Shifts in species’ distribution and abundance in response to climate change have been well documented, but the underpinning processes are still poorly understood. We present the results of a systematic literature review and meta-analysis investigating the frequency and importance of different mechanisms by which climate has impacted natural populations. Most studies were from temperate latitudes of North America and Europe; almost half investigated bird populations. We found significantly greater support for indirect, biotic mechanisms than direct, abiotic mechanisms as mediators of the impact of climate on populations.

Mechanisms underpinning climatic impacts on natural populations: altered species interactions are more important than direct effects - Ockendon - 2014 - Global Change Biology - Wiley Online Library

24 March, 2014

How do geese know when to fly to the sun?
Who tells them the seasons?
How do we, humans know when it is time to move on?
As with the migrant birds, so surely with us, there is a voice within if only we would listen to it, that tells us certainly when to go forth into the unknown.

— Elisabeth Kubler-Ross, from Light Pollution Kills Birds in the Environment

22 March, 2014

Males dug valleys at various angles in a radial direction, constructing nests surrounded by radially aligned peaks and valleys. Furthermore, they created irregular patterns in the nest comprising fine sand particles. The circular structure not only influences female mate choice but also functions to gather fine sand particles in nests, which are important in female mate choice.

Role of Huge Geometric Circular Structures in the Reproduction of a Marine Pufferfish : Scientific Reports : Nature Publishing Group

21 March, 2014

We find that the times to the most recent common male ancestor of chimpanzee communities are several hundred to as much as over two thousand years.

How old are chimpanzee communities? Time to the most recent common ancestor of the Y-chromosome in highly patrilocal societies

14 March, 2014

More Thoughts on Love Without a Body

Inspired by the movie “Her,” I recently wrote an article entitled, “Can a Computer Fall in Love if It Doesn’t Have a Body?” The movie’s premise is that an artificial intelligence can feel love; but research on embodied cognition suggests this might not be such a straightforward affair. Love is not abstract; it’s very much shaped by body and biology, and computers are largely disembodied. 

Arriving after the article’s publication were these comments from Eiling Yee, a cognitive scientist at the Basque Center on Cognition, Brain and Language (and author of this really neat paper on how manual experience shapes the way we think about things):

Q: Could a disembodied human brain could understand physical love?

EY: With respect to the first question, I would guess that a body isn’t necessary to achieve something like the kinds of experiences that embodied brains experience. The research line that seems related to this is the stuff on mirror neurons (e.g., Rizzolatti & colleagues — you’re probably familiar with this) — the main related finding is that when one monkey sees a second monkey reach towards, e.g., some food, neurons fire in the first monkey’s motor cortex that would control the kind of reaching motion that he is watching. The critical question, which this research doesn’t address, is whether a monkey that had never reached for anything (e.g., a paralyzed monkey) would also activate these same motor cortex neurons. (Sian Bielock’s work on professional athletes and fans may be semi-related too.) And then even if those same neurons *were* activated in the paralyzed monkey, what would that monkey be experiencing? That is, we know that the brain is plastic enough that congenitally blind people activate visual cortex when reading braille — and we wouldn’t interpret this as them experiencing what a sighted person experiences when activating the same parts of visual cortex.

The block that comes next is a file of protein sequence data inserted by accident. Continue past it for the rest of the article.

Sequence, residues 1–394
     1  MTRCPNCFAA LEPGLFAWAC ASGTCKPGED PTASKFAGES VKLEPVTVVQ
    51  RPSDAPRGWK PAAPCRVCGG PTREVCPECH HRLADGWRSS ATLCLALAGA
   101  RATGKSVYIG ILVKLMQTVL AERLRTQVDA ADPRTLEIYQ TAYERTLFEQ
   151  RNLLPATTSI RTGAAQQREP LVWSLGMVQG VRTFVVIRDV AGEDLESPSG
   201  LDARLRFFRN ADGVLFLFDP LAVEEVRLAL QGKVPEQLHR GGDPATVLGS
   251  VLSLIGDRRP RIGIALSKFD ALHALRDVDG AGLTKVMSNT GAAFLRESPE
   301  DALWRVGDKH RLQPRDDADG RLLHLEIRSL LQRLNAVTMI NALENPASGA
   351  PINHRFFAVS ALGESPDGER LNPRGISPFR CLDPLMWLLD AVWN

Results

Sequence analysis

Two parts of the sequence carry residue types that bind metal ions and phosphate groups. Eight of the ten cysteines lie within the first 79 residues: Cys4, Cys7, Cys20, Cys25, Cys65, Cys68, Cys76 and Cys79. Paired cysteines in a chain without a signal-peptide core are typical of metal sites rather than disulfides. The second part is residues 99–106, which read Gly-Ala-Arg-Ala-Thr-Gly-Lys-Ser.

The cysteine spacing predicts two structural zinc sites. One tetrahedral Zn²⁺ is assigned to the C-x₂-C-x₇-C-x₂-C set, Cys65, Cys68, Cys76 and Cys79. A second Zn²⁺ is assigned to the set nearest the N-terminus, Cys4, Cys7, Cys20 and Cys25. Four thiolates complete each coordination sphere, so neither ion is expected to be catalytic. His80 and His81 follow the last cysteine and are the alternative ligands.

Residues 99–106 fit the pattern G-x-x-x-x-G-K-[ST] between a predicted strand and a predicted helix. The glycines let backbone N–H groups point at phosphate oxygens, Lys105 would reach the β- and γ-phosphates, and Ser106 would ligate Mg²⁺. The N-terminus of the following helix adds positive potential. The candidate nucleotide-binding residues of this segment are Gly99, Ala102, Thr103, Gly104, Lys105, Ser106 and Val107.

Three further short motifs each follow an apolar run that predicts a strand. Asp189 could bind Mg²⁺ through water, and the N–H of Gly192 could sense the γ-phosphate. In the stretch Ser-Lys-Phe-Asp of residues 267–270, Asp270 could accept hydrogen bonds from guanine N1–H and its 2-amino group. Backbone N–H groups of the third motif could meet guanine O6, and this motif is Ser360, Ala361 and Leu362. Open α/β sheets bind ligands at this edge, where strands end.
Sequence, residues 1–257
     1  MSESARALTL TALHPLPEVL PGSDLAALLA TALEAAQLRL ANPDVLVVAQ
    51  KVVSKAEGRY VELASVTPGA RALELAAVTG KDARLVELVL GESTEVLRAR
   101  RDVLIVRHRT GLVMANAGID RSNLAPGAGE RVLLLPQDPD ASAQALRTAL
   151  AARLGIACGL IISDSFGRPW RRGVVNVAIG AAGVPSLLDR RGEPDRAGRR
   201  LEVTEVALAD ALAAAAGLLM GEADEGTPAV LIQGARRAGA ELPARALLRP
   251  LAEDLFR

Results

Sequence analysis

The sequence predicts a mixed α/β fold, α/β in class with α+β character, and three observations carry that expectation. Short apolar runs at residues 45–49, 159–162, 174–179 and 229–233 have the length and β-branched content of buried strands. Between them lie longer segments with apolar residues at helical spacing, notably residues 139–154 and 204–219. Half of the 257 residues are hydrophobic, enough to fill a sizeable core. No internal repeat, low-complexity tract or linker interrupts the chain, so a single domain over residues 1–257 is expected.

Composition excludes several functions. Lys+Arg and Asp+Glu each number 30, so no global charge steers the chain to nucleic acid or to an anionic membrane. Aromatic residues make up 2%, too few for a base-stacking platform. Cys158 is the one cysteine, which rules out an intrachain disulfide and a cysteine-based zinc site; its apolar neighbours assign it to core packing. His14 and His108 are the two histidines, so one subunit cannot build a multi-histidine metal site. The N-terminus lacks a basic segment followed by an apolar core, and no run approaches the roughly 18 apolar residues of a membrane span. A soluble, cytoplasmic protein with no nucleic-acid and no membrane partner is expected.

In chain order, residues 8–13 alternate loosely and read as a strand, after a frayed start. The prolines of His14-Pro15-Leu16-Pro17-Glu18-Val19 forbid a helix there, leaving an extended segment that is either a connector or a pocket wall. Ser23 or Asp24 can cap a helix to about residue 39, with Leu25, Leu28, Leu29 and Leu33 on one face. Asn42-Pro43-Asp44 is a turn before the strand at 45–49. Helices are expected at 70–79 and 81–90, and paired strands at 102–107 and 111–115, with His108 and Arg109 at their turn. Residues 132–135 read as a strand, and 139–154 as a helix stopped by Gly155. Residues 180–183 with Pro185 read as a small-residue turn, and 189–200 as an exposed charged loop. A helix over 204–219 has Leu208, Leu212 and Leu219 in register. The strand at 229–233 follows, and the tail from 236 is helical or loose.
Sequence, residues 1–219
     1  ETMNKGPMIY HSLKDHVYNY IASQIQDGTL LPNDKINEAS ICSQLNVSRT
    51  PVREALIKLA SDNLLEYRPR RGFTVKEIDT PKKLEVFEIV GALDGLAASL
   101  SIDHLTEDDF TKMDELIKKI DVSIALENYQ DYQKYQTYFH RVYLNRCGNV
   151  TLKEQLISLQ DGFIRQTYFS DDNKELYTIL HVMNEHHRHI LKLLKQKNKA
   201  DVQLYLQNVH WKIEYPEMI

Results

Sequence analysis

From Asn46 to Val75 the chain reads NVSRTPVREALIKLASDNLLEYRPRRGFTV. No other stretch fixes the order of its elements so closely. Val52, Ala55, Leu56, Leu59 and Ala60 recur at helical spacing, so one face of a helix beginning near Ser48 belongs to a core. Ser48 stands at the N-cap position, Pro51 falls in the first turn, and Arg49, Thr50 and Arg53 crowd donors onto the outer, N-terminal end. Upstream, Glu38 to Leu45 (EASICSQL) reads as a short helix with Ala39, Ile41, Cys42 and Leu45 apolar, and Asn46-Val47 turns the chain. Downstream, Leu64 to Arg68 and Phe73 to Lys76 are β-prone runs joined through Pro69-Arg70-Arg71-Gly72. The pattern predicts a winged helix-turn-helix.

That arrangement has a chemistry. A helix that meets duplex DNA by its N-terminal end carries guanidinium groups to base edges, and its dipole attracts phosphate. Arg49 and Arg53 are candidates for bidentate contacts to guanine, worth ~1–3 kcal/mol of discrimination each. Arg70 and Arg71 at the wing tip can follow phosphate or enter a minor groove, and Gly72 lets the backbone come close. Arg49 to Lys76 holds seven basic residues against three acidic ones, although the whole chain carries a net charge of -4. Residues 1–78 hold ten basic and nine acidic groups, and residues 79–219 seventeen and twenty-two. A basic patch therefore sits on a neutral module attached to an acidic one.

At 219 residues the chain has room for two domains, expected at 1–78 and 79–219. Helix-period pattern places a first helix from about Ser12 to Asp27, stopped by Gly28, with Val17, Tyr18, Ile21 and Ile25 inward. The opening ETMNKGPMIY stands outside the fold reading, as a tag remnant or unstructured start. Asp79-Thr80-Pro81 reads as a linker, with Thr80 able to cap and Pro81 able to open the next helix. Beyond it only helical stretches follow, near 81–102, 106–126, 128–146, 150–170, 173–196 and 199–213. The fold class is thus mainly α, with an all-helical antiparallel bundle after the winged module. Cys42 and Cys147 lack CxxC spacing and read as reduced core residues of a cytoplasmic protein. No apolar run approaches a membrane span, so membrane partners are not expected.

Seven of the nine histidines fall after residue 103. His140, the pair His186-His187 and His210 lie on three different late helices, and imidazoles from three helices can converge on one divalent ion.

Q: Could an artificial brain love?

EY: Something that seems related is the behaviorist perspective on psychology — if a computer acts exactly in a way that appears to be love, how is that different than love? We have the intuition that it is, but what really makes it different? This is also indirectly related to the Turing test — if a computer could completely convince its correspondent into thinking that it’s human (and in this example, that it is in love) would it be? Would the programming necessary to create that “illusion” constitute love? How can we know that our partner loves us other than through their behavior?

I thought my friend Paul Allopenna [a cognitive scientist at Brown University] would find this interesting, so I passed along your question and he had this interesting comment:

"So, what I would want to know is, could an embodied brain really be "embodied" if it didn’t need to survive? That is, how much of a functional role to our biological (particularly metabolic) predicates play in motivating/organizing/ and executing our behaviors (including our emotive behaviors)?"

So as I understand it, Paul’s question essentially comes down to: if, despite having a body, a brain didn’t need that body to provide it with anything (e.g,. fuel) to survive, what kind of behaviors would it instruct that body to perform? That is, would it demonstrate love (or anything else we normally demonstrate)?

4 March, 2014
The squid uses the light emitted by the bacteria to obscure its silhouette during its nocturnal wanderings of the moonlit ocean, which helps it avoid being spotted by predators. In return, the squid provides the bacteria with sugars and other nutrients (via A twist in the tail | eLife)

The squid uses the light emitted by the bacteria to obscure its silhouette during its nocturnal wanderings of the moonlit ocean, which helps it avoid being spotted by predators. In return, the squid provides the bacteria with sugars and other nutrients (via A twist in the tail | eLife)